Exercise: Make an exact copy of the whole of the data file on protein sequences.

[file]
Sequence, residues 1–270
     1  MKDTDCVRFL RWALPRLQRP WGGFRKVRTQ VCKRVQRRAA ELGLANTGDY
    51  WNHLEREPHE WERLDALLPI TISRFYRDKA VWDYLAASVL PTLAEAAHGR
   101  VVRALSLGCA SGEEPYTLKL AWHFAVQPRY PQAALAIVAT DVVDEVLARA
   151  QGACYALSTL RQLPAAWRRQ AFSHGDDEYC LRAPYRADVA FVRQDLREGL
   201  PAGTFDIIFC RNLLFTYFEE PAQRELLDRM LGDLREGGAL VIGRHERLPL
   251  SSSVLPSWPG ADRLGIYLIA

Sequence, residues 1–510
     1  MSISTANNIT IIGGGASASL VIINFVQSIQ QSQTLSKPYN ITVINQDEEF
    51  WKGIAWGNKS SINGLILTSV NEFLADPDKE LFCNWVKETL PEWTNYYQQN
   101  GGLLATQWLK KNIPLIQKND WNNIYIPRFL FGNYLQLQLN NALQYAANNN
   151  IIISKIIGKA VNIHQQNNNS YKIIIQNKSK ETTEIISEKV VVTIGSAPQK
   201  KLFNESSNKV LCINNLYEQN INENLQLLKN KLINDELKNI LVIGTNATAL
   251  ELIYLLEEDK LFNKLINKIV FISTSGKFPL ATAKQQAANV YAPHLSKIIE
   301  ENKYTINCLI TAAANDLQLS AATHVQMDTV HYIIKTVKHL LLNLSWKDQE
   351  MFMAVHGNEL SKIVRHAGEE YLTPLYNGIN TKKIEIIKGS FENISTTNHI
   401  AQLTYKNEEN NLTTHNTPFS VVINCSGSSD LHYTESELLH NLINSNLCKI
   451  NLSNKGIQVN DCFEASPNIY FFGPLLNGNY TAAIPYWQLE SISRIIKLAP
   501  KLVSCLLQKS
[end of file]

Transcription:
Sequence, residues 1–270
     1  MKDTDCVRFL RWALPRLQRP WGGFRKVRTQ VCKRVQRRAA ELGLANTGDY
    51  WNHLEREPHE WERLDALLPI TISRFYRDKA VWDYLAASVL PTLAEAAHGR
   101  VVRALSLGCA SGEEPYTLKL AWHFAVQPRY PQAALAIVAT DVVDEVLARA
   151  QGACYALSTL RQLPAAWRRQ AFSHGDDEYC LRAPYRADVA FVRQDLREGL
   201  PAGTFDIIFC RNLLFTYFEE PAQRELLDRM LGDLREGGAL VIGRHERLPL
   251  SSSVLPSWPG ADRLGIYLIA

Sequence, residues 1–510
     1  MSISTANNIT IIGGGASASL VIINFVQSIQ QSQTLSKPYN ITVINQDEEF
    51  WKGIAWGNKS SINGLILTSV NEFLADPDKE LFCNWVKETL PEWTNYYQQN
   101  GGLLATQWLK KNIPLIQKND WNNIYIPRFL FGNYLQLQLN NALQYAANNN
   151  IIISKIIGKA VNIHQQNNNS YKIIIQNKSK ETTEIISEKV VVTIGSAPQK
   201  KLFNESSNKV LCINNLYEQN INENLQLLKN KLINDELKNI LVIGTNATAL
   251  ELIYLLEEDK LFNKLINKIV FISTSGKFPL ATAKQQAANV YAPHLSKIIE
   301  ENKYTINCLI TAAANDLQLS AATHVQMDTV HYIIKTVKHL LLNLSWKDQE
   351  MFMAVHGNEL SKIVRHAGEE YLTPLYNGIN TKKIEIIKGS FENISTTNHI
   401  AQLTYKNEEN NLTTHNTPFS VVINCSGSSD LHYTESELLH NLINSNLCKI
   451  NLSNKGIQVN DCFEASPNIY FFGPLLNGNY TAAIPYWQLE SISRIIKLAP
   501  KLVSCLLQKS